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Preparing for Category Five

The first warning shot came in 1969.

Sound from an old newscast with Walter Cronkite on CBS:

"The remnants of killer Hurricane Camille continue to spread death and destruction today, triggering flash floods in Virginia…"

Hurricane Andrew, August 23, 1992. Photo: U.S. National Oceanic and Atmospheric Administration

Hurricane Camille shook the country, it was one of those rare Category Five storms, and here's the problem: When the government built the levees to protect New Orleans, they designed them to handle much smaller storms. Government officials did not expect that such a massive hurricane would hit the city in our lifetimes.

Sound from old newscast:

"The country's chief hurricane experts declared today that Hurricane Camille was the greatest storm of any kind ever to hit the nation..."

It missed New Orleans, but only by a hundred miles, which suggested that officials had been short sighted.

Then another Category Five storm hit the country in the early 1990s - remember Hurricane Andrew? Now officials in Louisiana started to worry more about New Orleans.

They got still another warning just a few years ago.

Sound from newscast:

"Forecasters are saying that Hurricane Georges could hit New Orleans with 115 mile an hour winds. Thousands packed up and moved out, clogging evacuation routes."

And that taught everybody a troubling lesson. Joe Suhayda, the scientist with the big stick, drives me through the city to explain.

"Well, Hurricane Georges was one for which the track had the potential of flooding the city. So the people were given a mandatory order to evacuate the city," says Suhayda.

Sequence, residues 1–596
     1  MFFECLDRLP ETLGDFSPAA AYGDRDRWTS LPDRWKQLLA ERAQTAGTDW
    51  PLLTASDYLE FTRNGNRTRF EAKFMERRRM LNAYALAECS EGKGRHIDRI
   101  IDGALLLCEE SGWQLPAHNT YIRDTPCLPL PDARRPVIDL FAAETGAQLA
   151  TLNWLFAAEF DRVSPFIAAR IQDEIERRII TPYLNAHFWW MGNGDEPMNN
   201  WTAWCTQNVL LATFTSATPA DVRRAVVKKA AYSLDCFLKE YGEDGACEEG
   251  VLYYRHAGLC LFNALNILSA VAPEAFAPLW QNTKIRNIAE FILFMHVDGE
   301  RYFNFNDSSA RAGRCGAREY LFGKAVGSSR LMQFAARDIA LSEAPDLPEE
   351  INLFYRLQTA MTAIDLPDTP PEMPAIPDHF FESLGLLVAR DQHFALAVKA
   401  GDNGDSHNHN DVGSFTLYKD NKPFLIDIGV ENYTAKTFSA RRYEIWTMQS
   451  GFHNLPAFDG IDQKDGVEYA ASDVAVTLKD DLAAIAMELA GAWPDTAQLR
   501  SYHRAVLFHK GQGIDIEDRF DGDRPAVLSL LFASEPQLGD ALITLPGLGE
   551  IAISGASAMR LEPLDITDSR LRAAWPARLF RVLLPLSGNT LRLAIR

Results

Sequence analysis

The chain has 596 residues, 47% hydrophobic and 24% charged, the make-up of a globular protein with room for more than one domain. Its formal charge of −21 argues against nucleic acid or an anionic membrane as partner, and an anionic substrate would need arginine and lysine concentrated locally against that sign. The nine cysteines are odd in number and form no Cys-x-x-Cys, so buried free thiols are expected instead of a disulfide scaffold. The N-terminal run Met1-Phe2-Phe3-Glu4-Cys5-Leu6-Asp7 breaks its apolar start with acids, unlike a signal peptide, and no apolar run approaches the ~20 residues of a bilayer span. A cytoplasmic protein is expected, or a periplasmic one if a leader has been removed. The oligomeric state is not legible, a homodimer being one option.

Government officials have begun to plan for evacuation. Photo: William Brangham/NOW with Bill Moyers

And government officials had made elaborate plans so the population could evacuate smoothly. We keep passing blue street signs marked Hurricane Evacuation Route. The government had organized fleets of busses, to rescue tens-of-thousands of people who didn't have cars. At the last minute, Hurricane Georges faded to a weaker storm and it veered away, which was lucky. Because the evacuation was a fiasco.

"And what happened to the people that did evacuate is that they got into massive traffic jams and many of them spent the worst part of the hurricane either on the highway—stopped— or had pulled off to the side of the road," remembers Suhayda.

Now supposing the hurricane had really walloped New Orleans? Here are all of these thousands and thousands of people in their cars trapped on the side of the road. What would happen to them?

"Many of our evacuation routes are subject to flooding," says Suhayda. "And they would be washed away, and there would be really no way for help—that is the emergency services people—to get to them to help them."

The Natural Buffer Disappears

And there's another reason why scientists worry more about hurricanes every single year. There's always been a huge natural buffer that helps protect New Orleans from storms. There are miles of wetlands between here and the Gulf of Mexico: they slow hurricanes down as they blow in from the sea. But that buffer is disappearing. Every year, a chunk of wetlands the size of Manhattan crumbles and turns into open water.

Joe Suhayda explains, "So the hurricane can move closer to the city before it starts to decrease. So in effect, the city is moving closer to the Gulf as each year goes by."

And he says, it's partly because of those levees along the Mississippi River. When they stopped the river from flooding, they also prevented the wetlands from getting the regular doses of floodwater and mud that they need to survive. Studies show that if the wetlands keep vanishing over the next few decades, then you won't need a giant storm to devastate New Orleans — a much weaker, more common kind of hurricane could destroy the city too.

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